An ancient gold cup mysteriously acquired by a British scrap metal dealer is to be sold at auction with an estimate of nearly $1-million, after languishing for years in a shoebox under its current owner’s bed.
John Webber’s grandfather gave him the 14cm high mug — which is decorated with the heads of two women looking in opposite directions and knotted snakes — in 1945 and long assumed that it was made from brass.
But he decided to get it valued when he was moving house last year and was told it was actually a rare piece of ancient Persian treasure, beaten out of a single sheet of gold hundreds of years before the birth of Jesus Christ.
Experts said the method of manufacture and the composition of the gold was ”consistent with Achaemenid gold and gold smithing” dating back to the third or fourth century BC.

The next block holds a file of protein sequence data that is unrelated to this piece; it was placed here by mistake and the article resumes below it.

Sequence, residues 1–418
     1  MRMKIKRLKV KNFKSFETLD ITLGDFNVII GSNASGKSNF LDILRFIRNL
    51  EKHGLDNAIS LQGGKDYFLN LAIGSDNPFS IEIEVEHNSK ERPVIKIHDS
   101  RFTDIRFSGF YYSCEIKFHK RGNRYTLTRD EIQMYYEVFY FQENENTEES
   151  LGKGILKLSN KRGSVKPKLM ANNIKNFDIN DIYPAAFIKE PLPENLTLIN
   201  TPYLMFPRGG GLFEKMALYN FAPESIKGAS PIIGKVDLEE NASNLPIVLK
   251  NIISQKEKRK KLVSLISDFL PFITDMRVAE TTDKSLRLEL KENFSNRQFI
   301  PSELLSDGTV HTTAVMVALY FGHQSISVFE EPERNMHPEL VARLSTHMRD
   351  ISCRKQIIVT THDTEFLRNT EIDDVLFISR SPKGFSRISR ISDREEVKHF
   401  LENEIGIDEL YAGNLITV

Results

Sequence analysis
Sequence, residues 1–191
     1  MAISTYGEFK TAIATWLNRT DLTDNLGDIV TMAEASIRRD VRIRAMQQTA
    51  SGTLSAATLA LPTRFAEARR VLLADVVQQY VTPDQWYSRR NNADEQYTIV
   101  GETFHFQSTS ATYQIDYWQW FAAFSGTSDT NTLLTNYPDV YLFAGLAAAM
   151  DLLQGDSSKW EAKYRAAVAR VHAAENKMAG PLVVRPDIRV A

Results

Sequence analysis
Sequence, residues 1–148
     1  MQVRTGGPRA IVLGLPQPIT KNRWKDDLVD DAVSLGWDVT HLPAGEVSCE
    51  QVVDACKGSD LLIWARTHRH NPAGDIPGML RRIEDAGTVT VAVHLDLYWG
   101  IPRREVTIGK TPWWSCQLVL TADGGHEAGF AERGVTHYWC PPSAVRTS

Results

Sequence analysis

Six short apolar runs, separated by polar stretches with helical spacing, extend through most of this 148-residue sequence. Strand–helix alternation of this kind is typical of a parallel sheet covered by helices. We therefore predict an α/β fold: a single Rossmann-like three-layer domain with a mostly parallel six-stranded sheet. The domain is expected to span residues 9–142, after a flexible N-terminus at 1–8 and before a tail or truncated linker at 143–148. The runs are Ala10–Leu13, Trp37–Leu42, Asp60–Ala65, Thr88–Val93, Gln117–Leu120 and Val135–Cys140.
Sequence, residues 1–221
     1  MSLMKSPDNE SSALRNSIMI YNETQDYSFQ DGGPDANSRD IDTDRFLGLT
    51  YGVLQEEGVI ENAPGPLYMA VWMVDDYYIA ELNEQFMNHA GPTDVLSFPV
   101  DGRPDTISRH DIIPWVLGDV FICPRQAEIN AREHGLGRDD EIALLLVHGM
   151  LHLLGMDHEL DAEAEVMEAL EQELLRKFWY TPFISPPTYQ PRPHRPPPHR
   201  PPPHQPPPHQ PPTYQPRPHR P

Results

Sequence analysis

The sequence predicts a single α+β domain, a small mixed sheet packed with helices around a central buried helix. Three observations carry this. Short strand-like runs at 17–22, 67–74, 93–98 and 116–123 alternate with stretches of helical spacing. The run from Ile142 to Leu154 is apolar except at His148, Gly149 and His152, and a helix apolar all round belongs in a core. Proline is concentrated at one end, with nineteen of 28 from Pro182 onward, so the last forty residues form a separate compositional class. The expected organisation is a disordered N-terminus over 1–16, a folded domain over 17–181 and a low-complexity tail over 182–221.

The Achaemenid empire, the first of the Persian empires to rule over significant portions of Greater Iran, was wiped out by Alexander the Great in 330 BC.
Auction house Duke’s, in Dorchester, south-west England, will put the cup under the hammer on June 5, with an estimate of £500 000.
Webber (70) told the Guardian that his grandfather had a ”good eye” for an antique and picked up ”all sorts” as he plied his trade in the town of Taunton, also south-west England.
”Heaven knows where he got this, he never said,” he added, revealing that as a child, he used the cup for target practice with his air gun. – AFP